The last time the team had six wins in the opening eight races of the season was when Sebastian Vettel coasted his way to the driver's title in 2011.

CHAMPIONSHIP STANDINGS

Drivers

1. Max Verstappen (Red Bull) 150
2. Sergio Perez (Red Bull) 129
3. Charles Leclerc (Ferrari) 116
4. George Russell (Mercedes) 99
5. Carlos Sainz (Ferrari) 83

Constructors

1. Red Bull 279
2. Ferrari 199
3. Mercedes 161
4. McLaren 65
5. Alpine 47

Charles Leclerc is desperate to "finish the job" after surging to pole position for the Azerbaijan Grand Prix. 

In Baku on Sunday, the Ferrari driver will start from the front of the grid for the fourth successive grand prix. 

Leclerc has failed to turn each of his previous three pole positions into a victory, something that has become a familiar story for the Monegasque. 

From his 14 pole positions in Formula One, he has managed just four victories (29 per cent) – only Jarno Trulli (25 per cent – one win from four poles) has a worse ratio among drivers to have topped the podium at least once. 

Leclerc is keen to avoid another disappointment and believes upgrades made by Ferrari can help him get over the line this time. 

"I just want to finish the job. The past two weekends I've already said that on the Saturday and it didn't happen on the Sunday," said Leclerc. 

"So, we need to make it… I mean, we don't need to make it work but it will be very nice if we make it work. Let's see how it goes in the first few laps, and then I will try to keep the lead.   

"I think since we have the new package, we've tried different things. And from my feeling it feels better in the race. But we still need to confirm it. But the feeling is there and it's good, so I'm optimistic." 

Verstappen qualified third for the second successive Azerbaijan Grand Prix. Last year he crashed out from the lead with three laps remaining, handing Sergio Perez the win.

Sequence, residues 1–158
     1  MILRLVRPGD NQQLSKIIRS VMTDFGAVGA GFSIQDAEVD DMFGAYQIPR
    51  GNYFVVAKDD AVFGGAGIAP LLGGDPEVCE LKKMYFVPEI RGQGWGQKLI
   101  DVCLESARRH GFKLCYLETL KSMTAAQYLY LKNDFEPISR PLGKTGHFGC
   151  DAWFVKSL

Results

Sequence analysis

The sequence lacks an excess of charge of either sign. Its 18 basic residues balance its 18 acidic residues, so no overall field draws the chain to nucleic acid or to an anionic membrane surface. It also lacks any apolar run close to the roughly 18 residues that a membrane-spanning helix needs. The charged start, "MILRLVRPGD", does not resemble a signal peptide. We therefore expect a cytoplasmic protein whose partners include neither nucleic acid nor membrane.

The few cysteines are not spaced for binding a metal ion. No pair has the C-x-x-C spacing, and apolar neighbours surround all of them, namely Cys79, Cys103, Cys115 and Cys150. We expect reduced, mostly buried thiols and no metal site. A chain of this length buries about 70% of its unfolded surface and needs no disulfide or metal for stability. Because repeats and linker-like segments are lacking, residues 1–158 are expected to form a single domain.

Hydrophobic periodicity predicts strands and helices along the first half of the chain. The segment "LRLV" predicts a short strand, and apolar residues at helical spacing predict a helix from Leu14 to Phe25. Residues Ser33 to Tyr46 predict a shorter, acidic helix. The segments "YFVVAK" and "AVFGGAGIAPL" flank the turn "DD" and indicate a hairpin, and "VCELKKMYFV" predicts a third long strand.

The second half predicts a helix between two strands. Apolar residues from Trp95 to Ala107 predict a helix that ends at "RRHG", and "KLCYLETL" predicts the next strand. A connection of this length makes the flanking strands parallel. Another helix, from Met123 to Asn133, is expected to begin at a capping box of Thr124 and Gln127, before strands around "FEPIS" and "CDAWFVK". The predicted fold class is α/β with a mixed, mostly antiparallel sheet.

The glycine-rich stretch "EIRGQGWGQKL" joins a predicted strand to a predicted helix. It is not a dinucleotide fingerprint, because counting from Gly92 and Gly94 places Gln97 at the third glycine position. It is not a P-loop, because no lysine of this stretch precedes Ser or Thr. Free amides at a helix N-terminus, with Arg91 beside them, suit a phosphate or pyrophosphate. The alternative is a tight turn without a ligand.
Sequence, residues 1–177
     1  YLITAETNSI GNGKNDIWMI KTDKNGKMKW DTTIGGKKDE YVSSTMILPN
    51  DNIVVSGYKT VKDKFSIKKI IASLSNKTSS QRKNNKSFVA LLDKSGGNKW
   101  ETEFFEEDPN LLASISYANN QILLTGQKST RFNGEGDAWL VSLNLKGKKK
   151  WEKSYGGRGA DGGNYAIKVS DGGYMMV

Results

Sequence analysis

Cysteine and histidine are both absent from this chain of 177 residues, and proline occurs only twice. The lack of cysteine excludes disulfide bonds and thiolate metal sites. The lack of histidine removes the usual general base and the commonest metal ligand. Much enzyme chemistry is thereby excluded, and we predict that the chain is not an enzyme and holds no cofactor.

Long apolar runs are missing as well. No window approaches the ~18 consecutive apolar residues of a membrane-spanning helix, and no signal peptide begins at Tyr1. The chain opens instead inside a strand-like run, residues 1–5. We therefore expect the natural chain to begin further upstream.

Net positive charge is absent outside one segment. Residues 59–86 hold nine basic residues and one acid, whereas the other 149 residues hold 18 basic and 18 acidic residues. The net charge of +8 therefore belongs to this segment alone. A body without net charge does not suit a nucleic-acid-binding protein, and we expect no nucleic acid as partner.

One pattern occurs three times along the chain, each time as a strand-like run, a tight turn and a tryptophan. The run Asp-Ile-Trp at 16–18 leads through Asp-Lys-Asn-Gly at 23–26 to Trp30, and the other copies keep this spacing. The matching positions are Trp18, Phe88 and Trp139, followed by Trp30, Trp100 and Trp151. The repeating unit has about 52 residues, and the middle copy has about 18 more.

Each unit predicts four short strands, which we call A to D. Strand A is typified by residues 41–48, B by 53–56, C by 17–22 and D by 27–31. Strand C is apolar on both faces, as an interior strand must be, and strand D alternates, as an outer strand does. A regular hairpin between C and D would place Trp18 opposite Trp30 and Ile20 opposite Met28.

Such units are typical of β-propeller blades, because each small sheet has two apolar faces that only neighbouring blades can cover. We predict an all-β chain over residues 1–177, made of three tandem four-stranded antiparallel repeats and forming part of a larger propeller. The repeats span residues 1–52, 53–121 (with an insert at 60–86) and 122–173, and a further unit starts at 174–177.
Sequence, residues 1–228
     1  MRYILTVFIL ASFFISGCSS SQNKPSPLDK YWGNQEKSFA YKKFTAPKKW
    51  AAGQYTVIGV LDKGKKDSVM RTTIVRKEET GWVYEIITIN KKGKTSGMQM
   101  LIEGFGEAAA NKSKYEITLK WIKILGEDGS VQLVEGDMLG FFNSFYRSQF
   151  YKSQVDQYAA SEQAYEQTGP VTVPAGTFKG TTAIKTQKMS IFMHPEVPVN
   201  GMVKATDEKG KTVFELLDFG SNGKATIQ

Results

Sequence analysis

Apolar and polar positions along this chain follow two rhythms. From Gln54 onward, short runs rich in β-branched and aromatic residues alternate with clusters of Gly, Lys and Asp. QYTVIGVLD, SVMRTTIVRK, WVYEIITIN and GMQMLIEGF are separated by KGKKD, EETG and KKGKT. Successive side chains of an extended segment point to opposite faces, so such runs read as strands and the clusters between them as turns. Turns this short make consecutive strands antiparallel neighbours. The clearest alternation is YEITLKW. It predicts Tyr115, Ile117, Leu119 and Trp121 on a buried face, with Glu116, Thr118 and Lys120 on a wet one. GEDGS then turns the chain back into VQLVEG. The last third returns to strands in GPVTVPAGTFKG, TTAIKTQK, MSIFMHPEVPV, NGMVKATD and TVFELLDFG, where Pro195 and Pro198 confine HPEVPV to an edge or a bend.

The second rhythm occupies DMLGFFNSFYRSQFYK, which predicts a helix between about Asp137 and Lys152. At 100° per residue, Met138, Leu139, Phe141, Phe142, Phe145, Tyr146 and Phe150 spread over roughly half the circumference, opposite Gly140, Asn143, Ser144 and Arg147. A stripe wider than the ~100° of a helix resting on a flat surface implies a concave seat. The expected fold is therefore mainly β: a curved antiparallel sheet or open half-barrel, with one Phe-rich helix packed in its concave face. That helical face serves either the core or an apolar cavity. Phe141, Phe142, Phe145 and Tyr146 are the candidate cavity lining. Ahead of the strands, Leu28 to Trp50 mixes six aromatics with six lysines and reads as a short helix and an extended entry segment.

The reigning champion does not expect to make his move early but still believes he will be in with a good shot of a fourth victory in five races. 

"I think last year I started third here, so a lot of things happen. If you have good pace, I do think you can do something out there in the race," said Verstappen. 

"We'll just look through the data to optimise everything and make sure that the car is good on the tyres. 

"The run to Turn 1 is super short, so there's not a lot you can do there, but it's a long race. Baku has shown that a lot of things happen. We just need to stay calm and focus on having a good race car." 

Charles Leclerc stormed to pole position for the Azerbaijan Grand Prix, surprising himself by getting the better of the Red Bulls.

Leclerc produced a sensational final lap in Baku to become the first Ferrari driver since Michael Schumacher in 2001 to record six pole positions in the first eight races of a season. 

He was almost three tenths of a second faster than Sergio Perez, who pipped team-mate Max Verstappen to a place on the front row. 

"It feels good. Obviously all poles feel good, but this one I did not expect because in Q1 and Q2 I really struggled to see that we could be faster," said Leclerc. 

"In the last lap everything came together and I managed to do good, so I'm extremely happy. 

"I'm really excited for [the race]. Tyre management is a big thing here. In Barcelona and Monaco we were managing it well but overall our race pace has gone a step up since we brought in the upgrades." 

Championship leader Verstappen was disappointed to miss out on a place on the front row but is confident Red Bull will be able to challenge for the win on Sunday. 

"I think the start was good, then it went away from me a little bit with tiny mistakes," said Verstappen. 

"It's not ideal but in general I was just struggling to find balance over one lap. It's not what I want but being second and third the team has a good opportunity.